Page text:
After sign in and getting our scorecards, the twenty of us were walked through the course of fire. Most of the targets were standard IPSC silhouette targets, and scoring was raw time plus additional time for hits outside the A-rings, for procedurals (breaking the rules), and for failing to complete. After Stage 1, the participant could chose to go to Stage 2 or 3.

 **Stage 1** - Center of the bay. Engaging four targets at about fifteen yards through three ports - each target shot twice through each port, for a total of twenty-four rounds. Port one was shoulder height, so I would be able to shoot that without changing stance. Port two was about stomach height, and I would need to crouch to shoot through. Port three was about knee height, and I would need to kneel for that one. 

 **Stage 2** - Right side of the bay. Engaging three targets at five yards - each target shot five times, for a total of fifteen rounds. Target two had half the torso blacked out to represent cover. Target three only had the head available. 

Stage 3 – Left side of the bay. Engaging two clay pigeons as “poppers” at fifteen yards. No round restrictions, but the clays must be at least 75% destroyed before the stage was considered cleared.

So how did I do? Well, I succeeded in not DQ’ing.

On Stage 1, I think I got a bit of buck fever. One miss, a few D-rings, and the rest split between C-ring and A-ring hits. Even though I kept telling myself I would need to reload on the third port, it was still a surprise.

Stage 2, I settled down some. Three misses due to hitting the blacked out parts of target three, but two B-rings, three C-rings, and the rest A-ring hits.

On Stage 3, I emptied the remaining half of my magazine for some chipping away at the pigeons. Reloaded and fired three more times. I pulled the trigger the fourth time and click. I reached up to rack the slide, and it didn’t want to budge. So, I let the RSO know, and I ended up with a failure to complete and a raw time of 129. My diagnosis on my equipment failure is a hard primer and me not yanking hard enough on the slide to clear the round. I’m basing that on the fact that when I handed my pistol to the RSO, he cleared it without issue.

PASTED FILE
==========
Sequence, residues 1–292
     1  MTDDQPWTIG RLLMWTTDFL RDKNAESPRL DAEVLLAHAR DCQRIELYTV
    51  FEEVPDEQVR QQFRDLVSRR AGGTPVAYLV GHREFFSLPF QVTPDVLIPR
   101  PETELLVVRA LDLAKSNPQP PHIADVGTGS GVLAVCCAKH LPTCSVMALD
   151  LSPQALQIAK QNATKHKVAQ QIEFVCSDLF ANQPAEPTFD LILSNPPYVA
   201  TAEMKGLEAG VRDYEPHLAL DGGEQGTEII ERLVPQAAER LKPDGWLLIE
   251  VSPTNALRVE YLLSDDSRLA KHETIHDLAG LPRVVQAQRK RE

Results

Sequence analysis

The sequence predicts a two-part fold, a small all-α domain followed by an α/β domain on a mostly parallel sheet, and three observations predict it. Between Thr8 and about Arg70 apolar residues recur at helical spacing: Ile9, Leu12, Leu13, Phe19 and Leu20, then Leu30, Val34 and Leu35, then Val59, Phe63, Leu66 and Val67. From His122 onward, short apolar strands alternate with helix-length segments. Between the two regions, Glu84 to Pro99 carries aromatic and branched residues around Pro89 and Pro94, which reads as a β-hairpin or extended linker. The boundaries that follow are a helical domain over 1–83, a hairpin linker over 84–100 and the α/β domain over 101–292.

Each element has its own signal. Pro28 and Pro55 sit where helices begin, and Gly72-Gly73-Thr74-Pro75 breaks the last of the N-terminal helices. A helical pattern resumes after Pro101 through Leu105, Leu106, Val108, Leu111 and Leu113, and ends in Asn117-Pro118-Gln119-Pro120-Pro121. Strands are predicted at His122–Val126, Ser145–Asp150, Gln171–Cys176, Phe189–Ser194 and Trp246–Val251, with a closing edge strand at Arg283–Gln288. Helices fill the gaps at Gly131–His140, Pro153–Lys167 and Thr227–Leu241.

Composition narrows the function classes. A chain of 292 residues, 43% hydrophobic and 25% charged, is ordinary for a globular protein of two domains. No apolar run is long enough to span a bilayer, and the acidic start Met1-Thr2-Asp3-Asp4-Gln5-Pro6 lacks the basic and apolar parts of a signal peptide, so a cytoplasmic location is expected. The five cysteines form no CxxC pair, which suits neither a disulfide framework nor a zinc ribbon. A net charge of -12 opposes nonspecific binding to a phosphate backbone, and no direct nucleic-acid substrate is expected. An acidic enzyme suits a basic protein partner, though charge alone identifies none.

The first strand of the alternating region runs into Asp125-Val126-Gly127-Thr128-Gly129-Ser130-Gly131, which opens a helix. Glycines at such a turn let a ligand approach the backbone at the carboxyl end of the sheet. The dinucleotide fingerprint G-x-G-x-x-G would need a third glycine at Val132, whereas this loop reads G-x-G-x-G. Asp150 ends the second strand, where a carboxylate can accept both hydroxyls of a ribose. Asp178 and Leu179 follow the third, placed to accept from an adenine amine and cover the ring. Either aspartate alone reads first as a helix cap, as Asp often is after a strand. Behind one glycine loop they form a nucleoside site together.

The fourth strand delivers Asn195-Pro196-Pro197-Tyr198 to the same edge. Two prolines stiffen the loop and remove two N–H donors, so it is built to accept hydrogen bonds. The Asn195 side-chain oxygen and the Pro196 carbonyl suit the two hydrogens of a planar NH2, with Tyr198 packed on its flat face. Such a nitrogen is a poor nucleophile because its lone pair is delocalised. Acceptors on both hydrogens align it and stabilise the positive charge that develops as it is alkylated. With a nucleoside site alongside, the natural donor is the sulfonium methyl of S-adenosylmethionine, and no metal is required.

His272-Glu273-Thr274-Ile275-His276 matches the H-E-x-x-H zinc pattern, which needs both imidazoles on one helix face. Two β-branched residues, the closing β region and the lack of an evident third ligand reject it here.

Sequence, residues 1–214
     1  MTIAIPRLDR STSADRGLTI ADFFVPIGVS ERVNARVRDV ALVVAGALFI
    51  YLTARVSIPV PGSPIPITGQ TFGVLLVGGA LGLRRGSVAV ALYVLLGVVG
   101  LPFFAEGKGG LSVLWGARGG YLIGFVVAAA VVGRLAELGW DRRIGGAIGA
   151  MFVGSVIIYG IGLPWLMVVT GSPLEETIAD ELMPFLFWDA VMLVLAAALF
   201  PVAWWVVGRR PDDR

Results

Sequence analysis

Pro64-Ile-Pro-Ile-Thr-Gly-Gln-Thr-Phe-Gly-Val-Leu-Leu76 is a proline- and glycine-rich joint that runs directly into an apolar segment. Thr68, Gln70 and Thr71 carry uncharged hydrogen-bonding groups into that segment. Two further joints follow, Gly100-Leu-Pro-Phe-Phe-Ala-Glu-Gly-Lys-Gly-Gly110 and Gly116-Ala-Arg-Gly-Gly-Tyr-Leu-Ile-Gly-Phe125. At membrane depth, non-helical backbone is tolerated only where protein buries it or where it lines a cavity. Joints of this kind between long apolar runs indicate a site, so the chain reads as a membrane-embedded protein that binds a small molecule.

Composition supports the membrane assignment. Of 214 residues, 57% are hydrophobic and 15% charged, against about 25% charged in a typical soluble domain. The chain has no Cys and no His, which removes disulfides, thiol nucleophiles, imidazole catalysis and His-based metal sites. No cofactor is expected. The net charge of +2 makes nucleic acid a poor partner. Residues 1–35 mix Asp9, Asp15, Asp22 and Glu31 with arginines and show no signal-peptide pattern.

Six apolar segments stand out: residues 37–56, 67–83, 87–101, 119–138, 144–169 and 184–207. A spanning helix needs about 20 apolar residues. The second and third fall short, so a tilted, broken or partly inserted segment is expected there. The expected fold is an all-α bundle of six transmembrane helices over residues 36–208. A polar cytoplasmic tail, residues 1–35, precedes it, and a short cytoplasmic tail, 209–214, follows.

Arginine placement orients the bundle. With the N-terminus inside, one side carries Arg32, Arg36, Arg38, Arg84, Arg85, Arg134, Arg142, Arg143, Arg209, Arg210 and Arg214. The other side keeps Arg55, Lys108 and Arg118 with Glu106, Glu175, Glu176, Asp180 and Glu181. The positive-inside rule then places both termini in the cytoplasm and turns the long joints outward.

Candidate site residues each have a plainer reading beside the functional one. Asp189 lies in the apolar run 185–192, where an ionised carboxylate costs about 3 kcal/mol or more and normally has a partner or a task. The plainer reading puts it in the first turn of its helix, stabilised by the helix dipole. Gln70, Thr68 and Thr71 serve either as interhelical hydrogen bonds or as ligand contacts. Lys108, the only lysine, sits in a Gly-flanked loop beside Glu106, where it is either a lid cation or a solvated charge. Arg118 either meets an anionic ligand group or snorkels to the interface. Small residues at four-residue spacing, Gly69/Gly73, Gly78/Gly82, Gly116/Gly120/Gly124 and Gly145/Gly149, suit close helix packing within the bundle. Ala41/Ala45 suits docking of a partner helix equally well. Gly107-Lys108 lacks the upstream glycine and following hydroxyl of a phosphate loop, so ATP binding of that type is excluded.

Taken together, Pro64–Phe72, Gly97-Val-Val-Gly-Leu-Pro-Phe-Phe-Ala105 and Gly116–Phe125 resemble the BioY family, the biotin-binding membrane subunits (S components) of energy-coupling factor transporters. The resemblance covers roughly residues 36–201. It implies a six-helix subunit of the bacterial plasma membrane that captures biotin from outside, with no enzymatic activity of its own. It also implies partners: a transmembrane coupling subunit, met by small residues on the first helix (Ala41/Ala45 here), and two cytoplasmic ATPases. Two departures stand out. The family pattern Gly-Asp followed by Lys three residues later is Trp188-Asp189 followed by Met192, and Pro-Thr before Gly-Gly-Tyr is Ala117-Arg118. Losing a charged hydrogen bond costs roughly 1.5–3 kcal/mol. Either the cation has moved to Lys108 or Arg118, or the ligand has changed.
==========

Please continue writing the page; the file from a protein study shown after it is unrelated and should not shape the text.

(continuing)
The good – I had fun and was glad I overcame my anxiety. Drawing and reloading was smooth and easy.

The bad – Accuracy needs to be dialed in for small targets.

The ugly – I need to spend more time on malfunction drills. I also need to avoid IMI ammo for competitions. My M&P does not consistently work with that brand.

I Actually Made It Out to the Range

12 Apr
April 12, 2018

I played hooky from work and took my mom to the range. Some tidbits:

  1. There was a bus from The Villages retirement community parked outside the range when we pulled up. That must be an interesting group activity.

2.Playing with the SIRT while teleworking helped my flinch. Now I’m going low and left.

3.Mom’s revolver started throwing keyholes about halfway through the session. Need to research that. It’s one of Taurus’s polymer revolvers, so I’m having all sorts of nasty suspicions.

  1. The range is trying out an “action shooting league” to try and cash in on the three-gun money. They’re starting with just pistol. There’s a match on Friday night. I’ll probably try that out. I’ve never done a competition, and almost all the professionals I know recommend it.

  2. The range had a Colt All American 2000 for $450. I was very tempted just to add it to my inventory. They also had a Boberg (whatever Bond Arms is calling it). That’s another I want to add as a novelty.

  3. Mom handed me a box of 20 gauge shells. You know what this means. I need to get a 20 gauge shotgun. Honestly, I wouldn’t say no to one of the new shorties.

  4. It seems the IMI generic ammo is no longer using the depleted uranium primers. I still have half a box of stuff my M&Ps refuse to fire.

  5. I am buying my niece, nephew, and mom electronic muffs. The ability to communicate is so worth the extra warmth.

  6. It’s been long enough since I’ve taken the kiddos shooting that we need to refamiliarization. Particularly since the boy is now taller than me. At thirteen.

Now They’re Coming For Preemption

02 Apr
April 2, 2018

According to this article, almost a dozen municipalities are suing to strike down Florida’s preemption law. They assert that it is unconstitutional to allow the governor to remove a local official for violating state law. And it’s too expensive (personally and for the municipality) to pass local laws that violate the preemption.

That’s what we call “kind of the point.”

Every Day Carry

30 Mar
March 30, 2018

I’m listening to the Clockwise podcast, and the bonus topic is “What indispensable piece of non-tech do you carry every day?” The answers were a water bottle, a special kind of wallet, a microfiber cloth, and a nail clipper.”

I realize that the people on the tech podcasts generally don’t intersect with the people on my gun podcasts, but I was amazed that none of them said a pocketknife.

I started thinking about my EDC. So, for 2018, my current EDC:


I use a Saddleback Large Leather wallet.. I keep one of those credit card multi-tools inside it.


I have a key ring that uses little caribiners to attach keys or other items. In addition to my keys, I have a Kingston 32GB flash drive, [Gerber Shard](tool, and a Surefire Sidekick.

EDC Pouch